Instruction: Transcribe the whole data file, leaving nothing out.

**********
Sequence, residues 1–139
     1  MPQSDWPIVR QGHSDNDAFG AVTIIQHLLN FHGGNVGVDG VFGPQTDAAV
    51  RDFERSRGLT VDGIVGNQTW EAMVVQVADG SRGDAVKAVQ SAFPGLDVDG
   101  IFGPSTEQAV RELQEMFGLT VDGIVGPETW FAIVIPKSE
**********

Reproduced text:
Sequence, residues 1–139
     1  MPQSDWPIVR QGHSDNDAFG AVTIIQHLLN FHGGNVGVDG VFGPQTDAAV
    51  RDFERSRGLT VDGIVGNQTW EAMVVQVADG SRGDAVKAVQ SAFPGLDVDG
   101  IFGPSTEQAV RELQEMFGLT VDGIVGPETW FAIVIPKSE